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Updated 03 March 2014

Govt energy policy to cost SA taxpayer R700 billion

The SA government insists on going ahead with expensive coal plants, fracking and nuclear projects that will cost South African taxpayers an estimated R700 billion.

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Reacting to Minister Pravin Gordhan's budget speech this afternoon, Shanaaz Nel, Response Campaigner for Greenpeace said: "As expected, Minister Gordhan's familiar speech about infrastructure investment, jobs, micro economic reforms, tax incentive schemes, social and economic development hit all the expected cues but continues to hit a sour note with millions of South Africans who have heard it all before.

An estimated R700 billion

"By definition, doing the same thing over and over again and expecting different result is referred to as insanity. This budget presentation was clearly a repeat of those of the past few years.

"His budget did not at all tackle how South Africa will pay for President's Zuma's proclamation that nuclear and gas exploration will go ahead.

"The insistence by the administration to go ahead with expensive coal plants, fracking and nuclear projects that will cost South African taxpayers an estimated R700 billion is mind-boggling. Especially as growth and energy demand targets have been overestimated."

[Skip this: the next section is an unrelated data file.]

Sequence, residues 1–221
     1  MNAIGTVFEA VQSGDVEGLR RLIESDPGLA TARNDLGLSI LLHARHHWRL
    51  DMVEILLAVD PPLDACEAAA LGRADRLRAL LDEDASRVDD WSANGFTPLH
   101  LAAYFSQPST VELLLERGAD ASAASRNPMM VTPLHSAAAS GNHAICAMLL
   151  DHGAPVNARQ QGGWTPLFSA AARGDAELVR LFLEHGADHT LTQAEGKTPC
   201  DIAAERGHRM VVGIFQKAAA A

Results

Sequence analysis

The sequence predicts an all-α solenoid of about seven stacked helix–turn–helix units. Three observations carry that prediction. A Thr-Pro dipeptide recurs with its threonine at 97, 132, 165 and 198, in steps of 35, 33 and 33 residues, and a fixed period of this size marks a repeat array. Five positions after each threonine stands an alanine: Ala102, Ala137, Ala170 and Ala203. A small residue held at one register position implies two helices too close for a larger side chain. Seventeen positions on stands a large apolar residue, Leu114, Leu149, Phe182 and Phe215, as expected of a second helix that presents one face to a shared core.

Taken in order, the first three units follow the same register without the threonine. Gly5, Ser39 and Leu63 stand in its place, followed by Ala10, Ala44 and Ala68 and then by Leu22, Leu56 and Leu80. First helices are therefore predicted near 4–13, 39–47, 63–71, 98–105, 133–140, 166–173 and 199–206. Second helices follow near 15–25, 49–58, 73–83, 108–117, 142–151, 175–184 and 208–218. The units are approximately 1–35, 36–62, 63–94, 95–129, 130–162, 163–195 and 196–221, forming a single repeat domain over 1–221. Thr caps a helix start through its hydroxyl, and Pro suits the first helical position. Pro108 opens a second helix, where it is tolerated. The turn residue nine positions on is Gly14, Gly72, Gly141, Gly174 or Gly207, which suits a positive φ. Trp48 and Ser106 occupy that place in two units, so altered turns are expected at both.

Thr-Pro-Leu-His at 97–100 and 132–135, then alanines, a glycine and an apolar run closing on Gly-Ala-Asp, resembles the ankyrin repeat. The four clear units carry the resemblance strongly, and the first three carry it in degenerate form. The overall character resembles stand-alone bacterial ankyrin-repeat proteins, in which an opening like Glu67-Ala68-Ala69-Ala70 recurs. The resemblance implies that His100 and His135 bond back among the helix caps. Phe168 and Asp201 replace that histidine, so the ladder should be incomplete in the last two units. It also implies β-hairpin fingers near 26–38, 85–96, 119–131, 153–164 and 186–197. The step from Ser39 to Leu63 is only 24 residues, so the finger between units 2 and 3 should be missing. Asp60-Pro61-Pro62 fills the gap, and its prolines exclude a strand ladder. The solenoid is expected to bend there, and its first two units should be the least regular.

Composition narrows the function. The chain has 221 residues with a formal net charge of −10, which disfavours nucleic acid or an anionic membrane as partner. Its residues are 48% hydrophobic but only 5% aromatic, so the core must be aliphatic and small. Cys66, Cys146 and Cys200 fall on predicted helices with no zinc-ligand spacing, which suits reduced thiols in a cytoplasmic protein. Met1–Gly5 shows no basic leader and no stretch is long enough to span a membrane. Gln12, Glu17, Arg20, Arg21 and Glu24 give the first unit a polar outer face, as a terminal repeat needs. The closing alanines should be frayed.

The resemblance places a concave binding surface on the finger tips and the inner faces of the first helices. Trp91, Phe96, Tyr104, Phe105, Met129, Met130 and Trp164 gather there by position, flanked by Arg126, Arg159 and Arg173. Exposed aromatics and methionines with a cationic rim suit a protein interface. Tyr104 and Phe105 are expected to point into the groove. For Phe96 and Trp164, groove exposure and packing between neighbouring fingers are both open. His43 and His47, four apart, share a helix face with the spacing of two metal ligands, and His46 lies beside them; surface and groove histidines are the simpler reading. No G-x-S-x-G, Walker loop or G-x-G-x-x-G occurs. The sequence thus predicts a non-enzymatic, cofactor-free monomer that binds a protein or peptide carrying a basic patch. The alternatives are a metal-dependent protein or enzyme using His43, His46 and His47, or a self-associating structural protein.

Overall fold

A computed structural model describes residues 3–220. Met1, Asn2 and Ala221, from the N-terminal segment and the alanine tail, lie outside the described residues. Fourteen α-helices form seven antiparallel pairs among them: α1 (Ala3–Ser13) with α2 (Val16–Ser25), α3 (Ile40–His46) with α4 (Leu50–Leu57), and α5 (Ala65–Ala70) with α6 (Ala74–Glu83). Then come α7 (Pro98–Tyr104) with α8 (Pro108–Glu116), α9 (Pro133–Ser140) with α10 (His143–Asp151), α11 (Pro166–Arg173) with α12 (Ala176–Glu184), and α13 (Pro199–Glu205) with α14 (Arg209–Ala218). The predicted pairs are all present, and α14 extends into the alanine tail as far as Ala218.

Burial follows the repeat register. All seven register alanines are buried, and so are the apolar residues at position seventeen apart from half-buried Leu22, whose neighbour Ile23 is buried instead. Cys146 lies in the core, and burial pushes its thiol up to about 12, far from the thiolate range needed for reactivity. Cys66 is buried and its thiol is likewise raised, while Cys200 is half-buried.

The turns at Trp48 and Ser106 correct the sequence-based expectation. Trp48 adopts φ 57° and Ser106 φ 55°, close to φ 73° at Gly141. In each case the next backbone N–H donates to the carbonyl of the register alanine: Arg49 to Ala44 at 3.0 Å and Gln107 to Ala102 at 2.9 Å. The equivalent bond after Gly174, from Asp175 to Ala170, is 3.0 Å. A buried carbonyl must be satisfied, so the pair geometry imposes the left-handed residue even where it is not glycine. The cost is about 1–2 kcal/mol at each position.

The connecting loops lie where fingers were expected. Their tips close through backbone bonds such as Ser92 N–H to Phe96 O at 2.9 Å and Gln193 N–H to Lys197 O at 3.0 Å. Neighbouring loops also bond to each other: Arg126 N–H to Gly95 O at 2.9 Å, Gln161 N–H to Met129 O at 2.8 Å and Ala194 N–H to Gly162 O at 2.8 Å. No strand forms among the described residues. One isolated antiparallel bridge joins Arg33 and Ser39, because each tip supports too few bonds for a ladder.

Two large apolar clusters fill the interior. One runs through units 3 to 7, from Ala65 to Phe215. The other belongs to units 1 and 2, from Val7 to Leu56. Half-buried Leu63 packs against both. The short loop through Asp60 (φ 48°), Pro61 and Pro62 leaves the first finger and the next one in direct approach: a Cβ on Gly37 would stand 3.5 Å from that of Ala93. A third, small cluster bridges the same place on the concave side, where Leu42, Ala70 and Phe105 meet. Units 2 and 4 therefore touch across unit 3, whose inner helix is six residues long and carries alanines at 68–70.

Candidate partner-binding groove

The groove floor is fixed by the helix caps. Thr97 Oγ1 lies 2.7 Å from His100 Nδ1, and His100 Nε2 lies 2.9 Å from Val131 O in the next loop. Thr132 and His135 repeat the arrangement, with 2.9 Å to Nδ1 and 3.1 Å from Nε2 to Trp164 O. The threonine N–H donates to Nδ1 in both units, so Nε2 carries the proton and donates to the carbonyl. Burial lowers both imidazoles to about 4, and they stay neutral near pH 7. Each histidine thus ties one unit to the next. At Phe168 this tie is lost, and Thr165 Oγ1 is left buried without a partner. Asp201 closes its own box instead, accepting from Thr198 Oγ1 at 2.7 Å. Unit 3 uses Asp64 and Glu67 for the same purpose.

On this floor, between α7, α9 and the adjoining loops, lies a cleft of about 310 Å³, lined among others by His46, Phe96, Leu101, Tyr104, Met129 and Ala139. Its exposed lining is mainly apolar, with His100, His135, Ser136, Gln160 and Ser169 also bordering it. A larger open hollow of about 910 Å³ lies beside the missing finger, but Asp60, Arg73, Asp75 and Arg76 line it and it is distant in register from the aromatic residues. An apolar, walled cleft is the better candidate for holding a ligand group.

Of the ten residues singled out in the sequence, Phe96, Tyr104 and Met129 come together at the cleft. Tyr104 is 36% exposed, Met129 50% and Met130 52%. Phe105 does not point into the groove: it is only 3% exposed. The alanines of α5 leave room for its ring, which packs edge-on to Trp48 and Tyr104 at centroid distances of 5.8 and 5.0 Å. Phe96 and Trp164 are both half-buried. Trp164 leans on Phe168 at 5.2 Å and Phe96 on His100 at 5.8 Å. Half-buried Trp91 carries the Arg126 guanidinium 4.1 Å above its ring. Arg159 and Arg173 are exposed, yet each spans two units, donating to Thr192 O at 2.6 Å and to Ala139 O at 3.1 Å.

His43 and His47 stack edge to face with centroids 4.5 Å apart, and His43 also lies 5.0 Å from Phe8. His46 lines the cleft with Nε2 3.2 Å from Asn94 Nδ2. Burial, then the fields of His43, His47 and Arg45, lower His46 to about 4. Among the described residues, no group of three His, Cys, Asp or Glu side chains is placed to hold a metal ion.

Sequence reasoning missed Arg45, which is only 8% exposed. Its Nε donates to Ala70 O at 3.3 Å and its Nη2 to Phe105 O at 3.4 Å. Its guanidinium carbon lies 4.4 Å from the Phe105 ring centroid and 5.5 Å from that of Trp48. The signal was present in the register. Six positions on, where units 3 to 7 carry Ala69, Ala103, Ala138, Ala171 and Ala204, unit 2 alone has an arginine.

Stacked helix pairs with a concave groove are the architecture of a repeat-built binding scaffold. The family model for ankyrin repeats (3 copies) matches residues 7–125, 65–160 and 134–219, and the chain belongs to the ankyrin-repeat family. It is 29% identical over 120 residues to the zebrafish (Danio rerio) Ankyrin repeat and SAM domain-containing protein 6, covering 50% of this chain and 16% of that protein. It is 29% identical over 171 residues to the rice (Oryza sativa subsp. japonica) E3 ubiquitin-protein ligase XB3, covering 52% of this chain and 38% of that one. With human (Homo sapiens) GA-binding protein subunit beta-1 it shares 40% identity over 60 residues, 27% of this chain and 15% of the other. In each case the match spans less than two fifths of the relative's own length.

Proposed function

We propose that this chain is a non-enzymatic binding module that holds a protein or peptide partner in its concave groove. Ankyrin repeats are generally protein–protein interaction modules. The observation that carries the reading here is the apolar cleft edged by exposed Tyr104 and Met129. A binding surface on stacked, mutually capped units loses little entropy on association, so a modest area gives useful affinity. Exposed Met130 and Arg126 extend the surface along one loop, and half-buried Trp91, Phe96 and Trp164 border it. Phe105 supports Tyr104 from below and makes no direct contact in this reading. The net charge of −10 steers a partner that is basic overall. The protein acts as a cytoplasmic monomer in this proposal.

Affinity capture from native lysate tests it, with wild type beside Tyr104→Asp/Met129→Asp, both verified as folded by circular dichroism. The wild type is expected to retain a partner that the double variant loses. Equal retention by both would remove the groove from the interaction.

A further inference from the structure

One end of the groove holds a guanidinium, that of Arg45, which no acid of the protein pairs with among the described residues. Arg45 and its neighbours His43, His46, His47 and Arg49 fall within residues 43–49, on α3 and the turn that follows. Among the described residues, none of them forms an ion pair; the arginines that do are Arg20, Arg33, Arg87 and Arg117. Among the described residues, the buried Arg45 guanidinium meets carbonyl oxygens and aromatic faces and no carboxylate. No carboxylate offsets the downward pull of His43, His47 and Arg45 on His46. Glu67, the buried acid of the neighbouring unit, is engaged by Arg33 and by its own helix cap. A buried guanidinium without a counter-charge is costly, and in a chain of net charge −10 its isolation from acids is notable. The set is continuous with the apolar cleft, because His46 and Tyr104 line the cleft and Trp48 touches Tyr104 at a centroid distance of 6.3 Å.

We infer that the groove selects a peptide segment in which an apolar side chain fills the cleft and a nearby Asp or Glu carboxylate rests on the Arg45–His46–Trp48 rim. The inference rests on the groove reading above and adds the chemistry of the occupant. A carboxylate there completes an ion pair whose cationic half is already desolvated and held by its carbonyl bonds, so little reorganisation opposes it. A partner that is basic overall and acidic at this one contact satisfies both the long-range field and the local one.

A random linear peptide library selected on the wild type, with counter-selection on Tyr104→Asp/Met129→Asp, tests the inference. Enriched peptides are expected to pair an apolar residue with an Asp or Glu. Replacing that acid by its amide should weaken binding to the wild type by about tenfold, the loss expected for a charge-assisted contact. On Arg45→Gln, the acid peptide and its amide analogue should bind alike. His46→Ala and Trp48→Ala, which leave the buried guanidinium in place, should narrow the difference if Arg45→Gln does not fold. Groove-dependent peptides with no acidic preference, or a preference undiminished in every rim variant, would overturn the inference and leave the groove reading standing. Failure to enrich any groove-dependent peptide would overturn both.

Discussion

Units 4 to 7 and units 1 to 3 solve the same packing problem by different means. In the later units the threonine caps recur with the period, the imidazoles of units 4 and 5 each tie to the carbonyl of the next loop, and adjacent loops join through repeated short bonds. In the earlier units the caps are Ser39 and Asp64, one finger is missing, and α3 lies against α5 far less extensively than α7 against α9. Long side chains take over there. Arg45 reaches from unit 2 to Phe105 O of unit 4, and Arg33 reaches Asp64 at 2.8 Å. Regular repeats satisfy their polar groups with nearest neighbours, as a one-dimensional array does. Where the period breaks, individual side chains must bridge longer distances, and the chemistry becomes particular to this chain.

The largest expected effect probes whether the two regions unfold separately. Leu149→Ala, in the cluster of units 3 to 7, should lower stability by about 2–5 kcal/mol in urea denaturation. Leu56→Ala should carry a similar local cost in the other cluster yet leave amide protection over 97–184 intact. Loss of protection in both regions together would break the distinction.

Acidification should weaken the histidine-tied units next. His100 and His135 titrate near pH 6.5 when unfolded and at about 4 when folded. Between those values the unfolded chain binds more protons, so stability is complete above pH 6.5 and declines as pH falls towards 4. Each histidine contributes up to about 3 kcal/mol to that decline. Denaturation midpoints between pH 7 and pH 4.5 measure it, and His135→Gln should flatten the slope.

Read:  A healthy lifestyle vs. budget blues

Dirty fossil fuels

"South Africa desperately needs to halt all investments in dirty fossil fuels, while increasing its uptake of renewables. While commendable, the 47 renewable energy schemes that are under construction remain insufficient, particularly if South Africa really wants to meet the low-carbon-economy targets by 2030. We know that renewables are efficient, feasible and less expensive than the current electricity plan as outlined in the country's integrated resource plan (IRP).

"As outlined in the Greenpeace energy manifesto, we challenge the honourable minister and his compatriots – and the future administration – to champion an advanced energy revolution by investing in cleaner and more sustainable options for the sake of South Africa's citizens. This country cannot afford to wait until another election year to change course."

Picture: Green economy from Shutterstock


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